Trump's New York criminal case, likely first for trial, faces crucial test


By Luc Cohen

NEW YORK (Reuters) – The first of four criminal cases against Donald Trump expected to go to trial faces a major test next week, when a New York judge is set to rule on the Republican former U.S. president’s bid that the case be tossed because it is partisan and not covered by state law.

Trump, the frontrunner for the 2024 Republican presidential nomination, is scheduled to go on trial in state court in Manhattan starting March 25 on charges of falsifying business records to cover up a hush money payment to a porn star before the 2016 election.

On Feb. 15, Justice Juan Merchan is set to rule on Trump’s motion to dismiss the 34-count indictment. Trump has pleaded not guilty and argued the case should be tossed because it was brought for partisan purposes and because state laws do not apply to federal elections.

Depending on Merchan’s decision, the case could become the first criminal trial Trump faces before his expected Nov. 5 election rematch against President Joe Biden, a Democrat.

A federal judge in Washington last week postponed Trump’s trial on charges of seeking to overturn the 2020 election results. That trial was scheduled to start on March 4.

Trump is seeking to have that case dismissed, arguing he is immune from prosecution over official acts taken while he was president. The U.S. Court of Appeals for the District of Columbia Circuit on Tuesday rejected the argument, but Trump said through a spokesperson that he plans to appeal.

Trial in the Florida federal criminal case accusing Trump of mishandling government documents is set for May but could be postponed. No trial date has been set for his Georgia state case over efforts to overturn his 2020 election loss to Biden.

Trump has pleaded not guilty to all charges.

PROSECUTORS ALLEGE A COVER-UP

The Manhattan case centers on former Trump lawyer Michael Cohen’s $130,000 payment to porn star Stormy Daniels to prevent her from publicly claiming she had a sexual encounter with Trump in 2006, while he was married. Trump denies the affair.

Cohen in 2018 pleaded guilty to violating federal campaign finance laws.

In charging Trump in April 2023, Manhattan District Attorney Alvin Bragg said his New York-based family real estate company falsely recorded Trump’s reimbursements to Cohen as a legal retainer.

Prosecutors said that violated a state law against falsifying business records to conceal another crime. In this case, they said the payment violated federal campaign finance law and was part of a scheme to promote a candidacy by “unlawful means,” violating state law.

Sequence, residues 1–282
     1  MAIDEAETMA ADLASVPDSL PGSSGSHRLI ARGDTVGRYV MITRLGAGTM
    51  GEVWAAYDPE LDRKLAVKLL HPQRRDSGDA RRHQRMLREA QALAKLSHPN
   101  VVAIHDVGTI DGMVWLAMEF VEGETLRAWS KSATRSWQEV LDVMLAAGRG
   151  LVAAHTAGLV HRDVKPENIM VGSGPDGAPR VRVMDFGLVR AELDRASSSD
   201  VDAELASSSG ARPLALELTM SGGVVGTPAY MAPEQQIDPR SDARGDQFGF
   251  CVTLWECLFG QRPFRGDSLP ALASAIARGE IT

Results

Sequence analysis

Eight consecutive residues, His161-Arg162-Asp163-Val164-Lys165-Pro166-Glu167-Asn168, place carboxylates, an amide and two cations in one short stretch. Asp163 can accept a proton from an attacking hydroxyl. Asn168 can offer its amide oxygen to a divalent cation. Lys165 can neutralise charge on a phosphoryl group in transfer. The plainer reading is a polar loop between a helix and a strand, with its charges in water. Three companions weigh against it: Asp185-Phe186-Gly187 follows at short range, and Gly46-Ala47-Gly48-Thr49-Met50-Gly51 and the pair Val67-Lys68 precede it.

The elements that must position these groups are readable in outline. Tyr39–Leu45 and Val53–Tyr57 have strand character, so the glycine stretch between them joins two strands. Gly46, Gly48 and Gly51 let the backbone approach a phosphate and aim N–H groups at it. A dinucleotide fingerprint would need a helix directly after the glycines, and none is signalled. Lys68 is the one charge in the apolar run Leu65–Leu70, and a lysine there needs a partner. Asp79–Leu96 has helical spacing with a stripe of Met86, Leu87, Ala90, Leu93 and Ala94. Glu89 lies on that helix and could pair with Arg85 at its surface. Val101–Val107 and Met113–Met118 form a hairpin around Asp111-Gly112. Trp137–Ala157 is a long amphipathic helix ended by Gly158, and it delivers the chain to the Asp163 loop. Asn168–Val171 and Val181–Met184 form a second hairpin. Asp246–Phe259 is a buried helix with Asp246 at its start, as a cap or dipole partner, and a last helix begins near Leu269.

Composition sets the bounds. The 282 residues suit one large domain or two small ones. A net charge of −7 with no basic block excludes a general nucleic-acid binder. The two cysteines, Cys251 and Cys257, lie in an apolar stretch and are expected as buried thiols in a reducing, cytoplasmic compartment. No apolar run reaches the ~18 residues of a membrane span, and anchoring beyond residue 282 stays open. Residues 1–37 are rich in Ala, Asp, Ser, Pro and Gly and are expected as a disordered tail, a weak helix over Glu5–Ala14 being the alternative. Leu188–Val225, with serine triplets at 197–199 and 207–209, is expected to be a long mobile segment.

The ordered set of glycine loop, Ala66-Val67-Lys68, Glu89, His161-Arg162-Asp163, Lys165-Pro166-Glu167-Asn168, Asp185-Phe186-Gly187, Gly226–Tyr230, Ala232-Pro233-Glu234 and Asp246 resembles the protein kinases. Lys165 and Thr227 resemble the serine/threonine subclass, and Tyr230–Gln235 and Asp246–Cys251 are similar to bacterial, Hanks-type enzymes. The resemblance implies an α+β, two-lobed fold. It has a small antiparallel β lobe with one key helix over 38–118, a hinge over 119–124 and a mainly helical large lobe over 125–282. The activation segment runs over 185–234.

Some critics have said the case is less serious than the others Trump faces because it relates to his private life before taking office, rather than actions taken as president affecting elections or national security.

In a radio interview last December, Bragg framed the case in terms of election integrity.

“It’s about conspiring to corrupt a presidential election and then lying in New York business records to cover it up – that’s the heart of the case,” Bragg said in an interview on WNYC’s “The Brian Lehrer Show.”

TRUMP CLAIMS ‘SELECTIVE PROSECUTION’

In seeking dismissal, Trump’s lawyers wrote that he had been targeted for “selective prosecution” by Bragg, a Democrat. Bragg’s office said anyone else who behaved similarly would have been prosecuted, pointing to Cohen’s guilty plea.

Trump’s lawyers also argued state prosecutors cannot use Trump’s alleged concealment of federal election law violations to justify the false records charges, and that state election law did not apply to federal candidates.

Bragg’s office said the business records falsification law was not restricted to cases involving state-level crimes, and that state election law applies to federal campaigns.

One judge has already ruled against Trump on similar grounds.

In denying Trump’s bid to move the case to federal court last year, U.S. District Judge Alvin Hellerstein said the New York election law did not distinguish between state and federal elections, and that the falsification of business records law did not exempt federal elections.

Anna Cominsky, a New York Law School professor, said prosecutors appeared to have a stronger argument because the business records law was not limited to cover-ups of state crimes.

“It’s very broad,” Cominsky said. “It’s not saying the prosecutor has to prove that other crime was committed, but rather just that there was this intent.”

(Reporting by Luc Cohen in New York; Editing by Noeleen Walder and Jonathan Oatis)



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